Prosecution and punishment of international crimes by national courts
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Prosecution and punishment of international crimes by national courts

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Published by International Courts Association in The Hague .
Written in English


  • Universal jurisdiction,
  • International criminal law,
  • Criminal jurisdiction

Book details:

Edition Notes

Includes bibliographical references (p. 197-200)

StatementW.J. van der Wolf
SeriesIssues in international criminal law
LC ClassificationsK5036 .W65 2011
The Physical Object
Pagination200 p. ;
Number of Pages200
ID Numbers
Open LibraryOL25343611M
ISBN 109058870979, 9058870987
ISBN 109789058870971, 9789058870988
LC Control Number2011291813

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  Courts of First Resort: Prosecuting International Crimes at the National Level. 10/24/ In the quest to bring perpetrators of massive crimes to justice, international tribunals should only be used as courts of last resort. Efforts to establish the rule of law require states to develop their capacity to prosecute the most serious crimes. This article assesses how the laws of Botswana allow for the prosecution of international crimes. It examines the challenges facing the Botswana courts in relation to the exercise of universal jurisdiction and the criminalization of international crimes, as well as issues of : Bonolo Ramadi Dinokopila.   Hundreds of studies have been conducted and published analysing the functioning of the international criminal courts, pondering the smallest details of their laws and court practices. 5 Domestic international crimes trials, on the contrary, have so far attracted only very limited attention in scholarship. 6 And punishment and sentencing of. domestic and international jurisdiction; and (iv) classic domestic courts and tribunals. Domestic National courts have traditionally been the main forum for justice. They are often the primary entry point for investigations and prosecutions, and ultimately the guardians of accountability in the long term.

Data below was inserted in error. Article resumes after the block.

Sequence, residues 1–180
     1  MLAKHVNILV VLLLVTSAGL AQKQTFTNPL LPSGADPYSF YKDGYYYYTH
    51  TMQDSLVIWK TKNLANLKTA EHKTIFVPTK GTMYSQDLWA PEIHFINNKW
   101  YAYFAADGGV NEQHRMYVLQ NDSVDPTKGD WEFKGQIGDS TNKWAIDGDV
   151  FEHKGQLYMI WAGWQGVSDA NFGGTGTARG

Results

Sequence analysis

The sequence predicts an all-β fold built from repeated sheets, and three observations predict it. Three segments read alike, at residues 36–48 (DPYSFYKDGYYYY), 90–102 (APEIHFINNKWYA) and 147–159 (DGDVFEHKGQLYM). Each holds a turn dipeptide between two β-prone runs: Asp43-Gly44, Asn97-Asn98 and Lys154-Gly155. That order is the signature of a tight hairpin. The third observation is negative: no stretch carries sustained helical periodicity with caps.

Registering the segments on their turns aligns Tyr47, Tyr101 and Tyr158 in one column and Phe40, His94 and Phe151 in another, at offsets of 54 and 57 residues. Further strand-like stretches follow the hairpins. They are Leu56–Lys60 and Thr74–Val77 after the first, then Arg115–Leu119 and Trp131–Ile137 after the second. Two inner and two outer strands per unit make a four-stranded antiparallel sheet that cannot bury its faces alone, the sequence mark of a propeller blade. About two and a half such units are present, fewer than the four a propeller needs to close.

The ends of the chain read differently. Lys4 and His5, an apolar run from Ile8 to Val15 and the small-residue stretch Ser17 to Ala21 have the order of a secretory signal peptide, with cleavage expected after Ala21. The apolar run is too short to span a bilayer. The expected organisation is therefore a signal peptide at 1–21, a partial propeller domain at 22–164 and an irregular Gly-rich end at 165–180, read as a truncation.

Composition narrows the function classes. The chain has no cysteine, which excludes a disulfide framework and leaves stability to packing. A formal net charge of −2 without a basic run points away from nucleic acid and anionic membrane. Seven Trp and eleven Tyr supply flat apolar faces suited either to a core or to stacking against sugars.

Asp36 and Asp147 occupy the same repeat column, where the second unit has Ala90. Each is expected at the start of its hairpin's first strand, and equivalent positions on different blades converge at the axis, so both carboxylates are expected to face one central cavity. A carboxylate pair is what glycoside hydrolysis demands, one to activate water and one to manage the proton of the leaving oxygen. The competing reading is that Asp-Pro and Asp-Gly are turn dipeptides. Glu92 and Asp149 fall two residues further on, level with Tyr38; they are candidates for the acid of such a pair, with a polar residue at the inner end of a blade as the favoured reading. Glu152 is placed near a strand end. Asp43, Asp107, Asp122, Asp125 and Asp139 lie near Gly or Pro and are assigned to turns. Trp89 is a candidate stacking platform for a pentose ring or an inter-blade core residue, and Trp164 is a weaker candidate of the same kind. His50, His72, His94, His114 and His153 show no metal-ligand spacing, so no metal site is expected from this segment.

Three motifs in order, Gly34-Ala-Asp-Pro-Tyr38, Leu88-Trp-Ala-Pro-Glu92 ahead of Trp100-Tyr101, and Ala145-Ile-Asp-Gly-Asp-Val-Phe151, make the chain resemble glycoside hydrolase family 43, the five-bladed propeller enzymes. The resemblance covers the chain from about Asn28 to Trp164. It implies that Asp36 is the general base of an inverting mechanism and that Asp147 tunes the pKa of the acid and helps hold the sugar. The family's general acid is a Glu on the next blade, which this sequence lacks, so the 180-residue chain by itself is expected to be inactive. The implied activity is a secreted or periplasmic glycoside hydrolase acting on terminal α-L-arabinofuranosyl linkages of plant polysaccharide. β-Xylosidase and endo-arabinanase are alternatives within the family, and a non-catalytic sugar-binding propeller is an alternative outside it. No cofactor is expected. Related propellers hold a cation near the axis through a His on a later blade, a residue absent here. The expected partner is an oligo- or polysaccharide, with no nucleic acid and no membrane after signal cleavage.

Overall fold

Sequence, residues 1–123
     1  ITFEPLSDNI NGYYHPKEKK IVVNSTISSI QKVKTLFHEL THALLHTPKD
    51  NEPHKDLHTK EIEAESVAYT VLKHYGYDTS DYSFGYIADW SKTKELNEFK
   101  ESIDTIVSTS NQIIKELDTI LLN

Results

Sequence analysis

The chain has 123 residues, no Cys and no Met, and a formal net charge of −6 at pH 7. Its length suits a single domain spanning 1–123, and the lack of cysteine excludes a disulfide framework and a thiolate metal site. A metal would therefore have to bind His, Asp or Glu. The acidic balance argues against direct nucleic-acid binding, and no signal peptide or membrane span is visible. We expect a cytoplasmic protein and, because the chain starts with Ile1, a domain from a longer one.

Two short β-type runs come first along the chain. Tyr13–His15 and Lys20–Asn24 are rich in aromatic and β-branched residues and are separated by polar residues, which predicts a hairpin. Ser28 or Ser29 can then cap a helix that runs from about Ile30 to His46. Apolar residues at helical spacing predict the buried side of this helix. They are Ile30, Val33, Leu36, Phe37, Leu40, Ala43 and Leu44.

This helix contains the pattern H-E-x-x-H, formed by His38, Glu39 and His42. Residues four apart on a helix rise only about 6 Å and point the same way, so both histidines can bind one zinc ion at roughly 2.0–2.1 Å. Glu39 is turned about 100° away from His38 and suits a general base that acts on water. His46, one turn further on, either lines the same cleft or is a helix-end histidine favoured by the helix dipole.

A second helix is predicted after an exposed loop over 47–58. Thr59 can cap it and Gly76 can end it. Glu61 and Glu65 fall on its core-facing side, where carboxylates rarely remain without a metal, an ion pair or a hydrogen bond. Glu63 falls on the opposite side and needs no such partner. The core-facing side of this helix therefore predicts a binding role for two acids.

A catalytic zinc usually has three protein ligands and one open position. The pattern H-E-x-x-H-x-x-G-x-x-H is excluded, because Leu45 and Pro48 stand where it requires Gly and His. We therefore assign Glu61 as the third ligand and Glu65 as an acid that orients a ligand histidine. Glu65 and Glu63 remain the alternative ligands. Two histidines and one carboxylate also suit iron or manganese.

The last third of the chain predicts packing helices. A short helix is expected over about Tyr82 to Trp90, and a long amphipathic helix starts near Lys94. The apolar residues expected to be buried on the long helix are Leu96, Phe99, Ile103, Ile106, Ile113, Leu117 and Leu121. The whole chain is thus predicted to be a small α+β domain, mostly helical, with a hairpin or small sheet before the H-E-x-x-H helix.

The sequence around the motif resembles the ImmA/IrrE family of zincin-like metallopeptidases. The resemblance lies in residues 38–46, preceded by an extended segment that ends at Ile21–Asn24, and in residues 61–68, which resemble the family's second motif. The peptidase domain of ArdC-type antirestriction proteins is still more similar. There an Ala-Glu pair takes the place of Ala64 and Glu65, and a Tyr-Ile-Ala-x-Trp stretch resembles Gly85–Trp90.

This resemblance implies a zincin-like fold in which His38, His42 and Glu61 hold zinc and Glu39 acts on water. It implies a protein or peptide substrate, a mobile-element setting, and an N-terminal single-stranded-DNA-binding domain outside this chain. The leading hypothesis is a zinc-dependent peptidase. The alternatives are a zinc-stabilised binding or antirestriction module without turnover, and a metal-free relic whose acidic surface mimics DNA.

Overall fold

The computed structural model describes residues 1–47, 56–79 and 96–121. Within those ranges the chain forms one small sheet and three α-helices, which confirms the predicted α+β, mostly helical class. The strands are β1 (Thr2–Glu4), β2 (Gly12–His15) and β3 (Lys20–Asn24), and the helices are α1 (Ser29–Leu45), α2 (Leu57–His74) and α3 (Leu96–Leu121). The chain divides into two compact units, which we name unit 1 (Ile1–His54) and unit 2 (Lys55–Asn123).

In , Article 23(4) LJ was amended so that Spanish jurisdiction over international crimes committed outside Spain is now subsidiary to that of national or international authorities and may be exercised only when (i) the alleged crimes have been suffered by Spaniards, the suspects of such crimes are in Spain, or there is a ‘link of relevant Cited by: 1. This series highlights the various subjects that arise when parties start prosecuting or defending international crimes before national and international courts. Each volume contains a short introduction to the subject, basic documents, abstracts of case law, and bibliographical information that helps to deepen the knowledge of the "issue. International Prosecution of Human Rights Crimes th Edition "The volume is a collection of essays that investigate current developments in the prosecution of human rights crimes on the national and international levels. Summing Up: Recommended. Upper-division undergraduates and above."Format: Paperback.   The book contains an essay by me, entitled "The problems of pirate punishment." The chapter examines the sentencing of Somali pirates in international law .

  particular crime, but also to those who commanded, planned or allowed the crimes to take place. International crimes have been prosecuted by a range of international and national courts—the International Criminal Court, established by the Rome Statute in (signed so far by countries) and based in The Hague, has jurisdiction over all ofFile Size: KB. The modern regime of prosecution of international crimes is evaluated with regard to international relations theory. The book then subjects that regime to critique on the basis of legitimacy and the rule of law, in particular selective enforcement, not only in relation to who is prosecuted, but also the definitions of crimes and principles of Cited by: International criminal law is a body of public international law designed to prohibit certain categories of conduct commonly viewed as serious atrocities and to make perpetrators of such conduct criminally accountable for their perpetration. The core crimes under international law are genocide, war crimes, crimes against humanity, and the crime of aggression.   The chapter examines the sentencing of Somali pirates in international law prosecutions in national courts around the world. The chapter finds massive variances in sentences for similar crimes.